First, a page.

Soyuz, most serial spacecraft
Salyut 1, first crewed space station, with docked Soyuz spacecraft

Meanwhile, the USSR secretly pursued crewed lunar orbiting and landing programs. They successfully developed the three-person Soyuz spacecraft for use in the lunar programs, but failed to develop the N1 rocket necessary for a human landing, and discontinued the lunar programs in 1974.[5] Upon losing the Moon race they concentrated on the development of space stations, using the Soyuz as a ferry to take cosmonauts to and from the stations. They started with a series of Salyut sortie stations from 1971 to 1986.

Post-Apollo era[edit]

Artist's rendering of an Apollo CSM is about to dock with a Soyuz spacecraft.

After the Apollo program, the US launched the Skylab sortie space station in 1973, inhabiting it for 171 days with three crews ferried aboard Apollo spacecraft. President Richard Nixon and Soviet Premier Leonid Brezhnev negotiated an easing of relations known as détente, an easing of Cold War tensions. As part of this, they negotiated the Apollo-Soyuz program, in which an Apollo spacecraft carrying a special docking adapter module rendezvoused and docked with Soyuz 19 in 1975. The American and Russian crews shook hands in space, but the purpose of the flight was purely diplomatic and symbolic.

Nixon appointed his vice president, Spiro Agnew, to head a Space Task Group in 1969 to recommend follow-on human spaceflight programs after Apollo. The group proposed an ambitious Space Transportation System based on a reusable Space Shuttle, which consisted of a winged, internally fueled orbiter stage burning liquid hydrogen, launched with a similar, but larger kerosene-fueled booster stage, each equipped with airbreathing jet engines for powered return to a runway at the Kennedy Space Center launch site. Other components of the system included a permanent modular space station, reusable space tug, and nuclear interplanetary ferry, leading to a human expedition to Mars as early as 1986, or as late as 2000, depending on the level of funding allocated. However, Nixon knew the American political climate would not support congressional funding for such an ambition, and killed proposals for all but the Shuttle, possibly to be followed by the space station. Plans for the Shuttle were scaled back to reduce development risk, cost, and time, replacing the piloted fly back booster with two reusable solid rocket boosters, and the smaller orbiter would use an expendable external propellant tank to feed its hydrogen-fueled main engines. The orbiter would have to make unpowered landings.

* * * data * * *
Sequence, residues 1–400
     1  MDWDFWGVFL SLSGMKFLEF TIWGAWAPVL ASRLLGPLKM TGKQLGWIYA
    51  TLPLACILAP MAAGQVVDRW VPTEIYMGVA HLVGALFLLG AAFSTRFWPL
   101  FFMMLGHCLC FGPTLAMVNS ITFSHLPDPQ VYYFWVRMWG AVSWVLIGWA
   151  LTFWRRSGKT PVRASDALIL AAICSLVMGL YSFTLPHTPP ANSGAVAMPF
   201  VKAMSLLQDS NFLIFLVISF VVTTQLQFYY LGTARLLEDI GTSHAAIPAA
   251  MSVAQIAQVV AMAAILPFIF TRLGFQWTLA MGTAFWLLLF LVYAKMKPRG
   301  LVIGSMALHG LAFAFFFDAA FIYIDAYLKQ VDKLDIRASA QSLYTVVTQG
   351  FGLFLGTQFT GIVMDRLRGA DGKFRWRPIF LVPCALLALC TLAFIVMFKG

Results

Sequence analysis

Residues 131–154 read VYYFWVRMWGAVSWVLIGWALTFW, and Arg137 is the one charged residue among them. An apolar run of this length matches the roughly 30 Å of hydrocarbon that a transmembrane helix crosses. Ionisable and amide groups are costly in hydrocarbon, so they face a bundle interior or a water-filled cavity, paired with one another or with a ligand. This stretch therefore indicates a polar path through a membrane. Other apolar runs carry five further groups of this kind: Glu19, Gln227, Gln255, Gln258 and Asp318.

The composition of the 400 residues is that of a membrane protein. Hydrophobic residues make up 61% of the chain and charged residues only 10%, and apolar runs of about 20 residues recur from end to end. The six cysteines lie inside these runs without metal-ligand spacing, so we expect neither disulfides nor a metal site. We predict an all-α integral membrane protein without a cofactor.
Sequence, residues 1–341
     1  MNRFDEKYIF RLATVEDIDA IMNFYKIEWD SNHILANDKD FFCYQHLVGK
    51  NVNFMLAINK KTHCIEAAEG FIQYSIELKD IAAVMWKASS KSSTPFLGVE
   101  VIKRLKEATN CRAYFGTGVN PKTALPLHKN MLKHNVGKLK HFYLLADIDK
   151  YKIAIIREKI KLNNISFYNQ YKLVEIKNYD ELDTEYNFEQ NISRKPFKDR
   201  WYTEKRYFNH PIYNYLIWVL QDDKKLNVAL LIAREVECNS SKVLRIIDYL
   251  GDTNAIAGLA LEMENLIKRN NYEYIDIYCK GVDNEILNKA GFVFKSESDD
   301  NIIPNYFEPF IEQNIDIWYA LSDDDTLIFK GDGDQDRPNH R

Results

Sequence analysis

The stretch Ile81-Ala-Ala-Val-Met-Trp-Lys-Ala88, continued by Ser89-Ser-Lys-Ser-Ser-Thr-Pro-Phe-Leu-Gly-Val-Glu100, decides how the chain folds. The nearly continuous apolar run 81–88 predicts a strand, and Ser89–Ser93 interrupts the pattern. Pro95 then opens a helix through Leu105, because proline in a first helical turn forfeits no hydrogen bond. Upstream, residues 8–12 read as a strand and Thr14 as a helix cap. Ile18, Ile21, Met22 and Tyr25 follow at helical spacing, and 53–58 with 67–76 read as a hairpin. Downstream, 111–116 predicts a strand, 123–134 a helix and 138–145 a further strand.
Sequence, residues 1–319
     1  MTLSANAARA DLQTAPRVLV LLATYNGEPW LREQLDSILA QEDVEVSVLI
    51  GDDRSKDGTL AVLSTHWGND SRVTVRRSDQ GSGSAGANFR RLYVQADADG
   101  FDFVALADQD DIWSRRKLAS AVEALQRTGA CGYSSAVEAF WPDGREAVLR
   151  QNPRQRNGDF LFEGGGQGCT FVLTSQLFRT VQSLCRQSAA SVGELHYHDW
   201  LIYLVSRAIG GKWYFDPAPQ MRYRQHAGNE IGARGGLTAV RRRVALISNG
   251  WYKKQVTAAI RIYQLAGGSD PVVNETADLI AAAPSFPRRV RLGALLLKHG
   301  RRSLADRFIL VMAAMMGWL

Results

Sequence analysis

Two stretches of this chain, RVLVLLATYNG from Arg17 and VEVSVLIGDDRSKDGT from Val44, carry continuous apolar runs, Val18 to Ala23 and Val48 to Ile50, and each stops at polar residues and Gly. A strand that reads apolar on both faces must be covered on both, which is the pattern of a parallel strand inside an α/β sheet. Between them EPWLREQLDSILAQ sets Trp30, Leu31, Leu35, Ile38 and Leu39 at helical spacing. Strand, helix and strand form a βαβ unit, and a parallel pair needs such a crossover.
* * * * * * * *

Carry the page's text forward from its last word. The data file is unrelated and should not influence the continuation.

Space Shuttle orbiter, first crewed orbital spaceplane

The two nations continued to compete rather than cooperate in space, as the US turned to developing the Space Shuttle and planning the space station, which was dubbed Freedom. The USSR launched three Almaz military sortie stations from 1973 to 1977, disguised as Salyuts. They followed Salyut with the development of Mir, the first modular, semi-permanent space station, the construction of which took place from 1986 to 1996. Mir orbited at an altitude of 354 kilometers (191 nautical miles), at an orbital inclination of 51.6°. It was occupied for 4,592 days and made a controlled reentry in 2001.

The Space Shuttle started flying in 1981, but the US Congress failed to approve sufficient funds to make Space Station Freedom a reality. A fleet of four shuttles was built: Columbia, Challenger, Discovery, and Atlantis. A fifth shuttle, Endeavour, was built to replace Challenger, which was destroyed in an accident during launch that killed 7 astronauts on 28 January 1986. From 1983 to 1998, twenty-two Shuttle flights carried components for a European Space Agency sortie space station called Spacelab in the Shuttle payload bay.[6]

Buran-class orbiter, copy of the Space Shuttle orbiter

The USSR copied the reusable Space Shuttle orbiter, which they called Buran-class orbiter or simply Buran. It was designed to be launched into orbit by the expendable Energia rocket, and capable of robotic orbital flight and landing. Unlike the Space Shuttle, Buran had no main rocket engines, but like the Space Shuttle orbiter it used engines to perform its final orbital insertion. A single uncrewed orbital test flight was successfully made in November 1988. A second test flight was planned by 1993, but the program was canceled due to lack of funding and the dissolution of the Soviet Union in 1991. Two more orbiters were never completed, and the one that performed the uncrewed flight was destroyed in a hangar roof collapse in May 2002.

US / Russian cooperation[edit]

International Space Station, assembled in orbit by US and Russia

The dissolution of the Soviet Union in 1991 brought an end to the Cold War and opened the door to true cooperation between the US and Russia. The Soviet Soyuz and Mir programs were taken over by the Russian Federal Space Agency, now known as the Roscosmos State Corporation. The Shuttle-Mir Program included American Space Shuttles visiting the Mir space station, Russian cosmonauts flying on the Shuttle, and an American astronaut flying aboard a Soyuz spacecraft for long-duration expeditions aboard Mir.

In 1993, President Bill Clinton secured Russia's cooperation in converting the planned Space Station Freedom into the International Space Station (ISS). Construction of the station began in 1998. The station orbits at an altitude of 409 kilometers (221 nmi) and an orbital inclination of 51.65°.